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The case for adaptive theory for investigation meaning in the workplace

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conference contribution
posted on 06.12.2017, 00:00 by B Van Gramberg
Most qualitative research studies in business utilise case studies, which on their own can fail to integrate wider, structural factors which may have shaped the observed events at the local level. This paper outlines the use of adaptive theory (Layder 1997, 1998) as a means of combining agency research (case studies of individual experiences and phenomological research) with structural research (broader theories, surveys of societal issues). The paper focuses on the application of adaptive theory on a study of workplace conflict resolution. The findings indicate that adaptive theory would be most suitable for studies dealing with corruption, HR processes (training, performance development, organisational change) and other areas in which an individual’s perception is required relating to workplace practices.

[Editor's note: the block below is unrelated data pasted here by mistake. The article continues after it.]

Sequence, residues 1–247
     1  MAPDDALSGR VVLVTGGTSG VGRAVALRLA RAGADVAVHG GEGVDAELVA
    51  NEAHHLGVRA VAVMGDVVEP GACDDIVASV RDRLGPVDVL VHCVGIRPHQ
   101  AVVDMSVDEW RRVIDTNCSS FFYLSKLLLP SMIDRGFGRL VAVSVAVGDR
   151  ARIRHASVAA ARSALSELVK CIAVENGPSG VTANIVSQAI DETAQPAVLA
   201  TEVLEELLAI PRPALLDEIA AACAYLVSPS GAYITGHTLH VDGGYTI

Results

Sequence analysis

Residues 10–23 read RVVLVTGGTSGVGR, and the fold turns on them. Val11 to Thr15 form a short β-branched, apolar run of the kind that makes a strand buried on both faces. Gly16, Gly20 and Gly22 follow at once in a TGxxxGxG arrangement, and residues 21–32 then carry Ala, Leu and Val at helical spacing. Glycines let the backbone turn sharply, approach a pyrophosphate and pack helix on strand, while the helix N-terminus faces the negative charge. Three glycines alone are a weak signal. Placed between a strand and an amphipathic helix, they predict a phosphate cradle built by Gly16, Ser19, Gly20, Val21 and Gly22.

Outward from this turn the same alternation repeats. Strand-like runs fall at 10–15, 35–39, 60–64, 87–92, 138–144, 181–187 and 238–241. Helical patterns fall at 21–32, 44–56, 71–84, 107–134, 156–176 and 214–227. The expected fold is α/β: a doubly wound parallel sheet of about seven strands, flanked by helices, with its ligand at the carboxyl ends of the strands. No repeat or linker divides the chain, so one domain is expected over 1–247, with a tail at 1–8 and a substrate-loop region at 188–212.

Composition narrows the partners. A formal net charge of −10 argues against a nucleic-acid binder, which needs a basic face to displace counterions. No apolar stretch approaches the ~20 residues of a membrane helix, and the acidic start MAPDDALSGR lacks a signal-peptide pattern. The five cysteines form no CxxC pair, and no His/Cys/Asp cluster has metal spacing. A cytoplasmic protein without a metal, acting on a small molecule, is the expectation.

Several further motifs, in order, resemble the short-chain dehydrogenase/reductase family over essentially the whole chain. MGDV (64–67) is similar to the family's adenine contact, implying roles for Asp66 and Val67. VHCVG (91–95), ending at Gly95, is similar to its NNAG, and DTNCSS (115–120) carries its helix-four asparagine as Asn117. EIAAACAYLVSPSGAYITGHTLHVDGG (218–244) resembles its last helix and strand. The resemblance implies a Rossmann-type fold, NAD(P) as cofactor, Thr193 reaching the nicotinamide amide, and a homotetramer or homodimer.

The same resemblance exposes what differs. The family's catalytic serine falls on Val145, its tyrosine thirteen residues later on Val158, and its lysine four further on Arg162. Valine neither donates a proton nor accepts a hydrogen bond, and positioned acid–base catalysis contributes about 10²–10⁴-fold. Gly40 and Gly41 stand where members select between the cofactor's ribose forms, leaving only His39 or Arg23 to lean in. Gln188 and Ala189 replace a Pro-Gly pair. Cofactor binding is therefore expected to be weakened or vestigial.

Funding

Category 1 - Australian Competitive Grants (this includes ARC, NHMRC)

History

Editor

Kennedy J; Di Milia V

Parent Title

Proceedings of the 20th ANZAM Conference [electronic resource] : Management : pragmatism, philosophy, priorities

Start Page

1

End Page

16

Number of Pages

16

Start Date

01/01/2006

ISBN-10

1921047348

Location

Yeppoon, Qld.

Publisher

Australian and New Zealand Academy of Management

Place of Publication

Lindfield, NSW

Peer Reviewed

Yes

Open Access

No

External Author Affiliations

International conference; Victoria University (Melbourne, Vic.);

Era Eligible

No

Name of Conference

Australian and New Zealand Academy of Management. International conference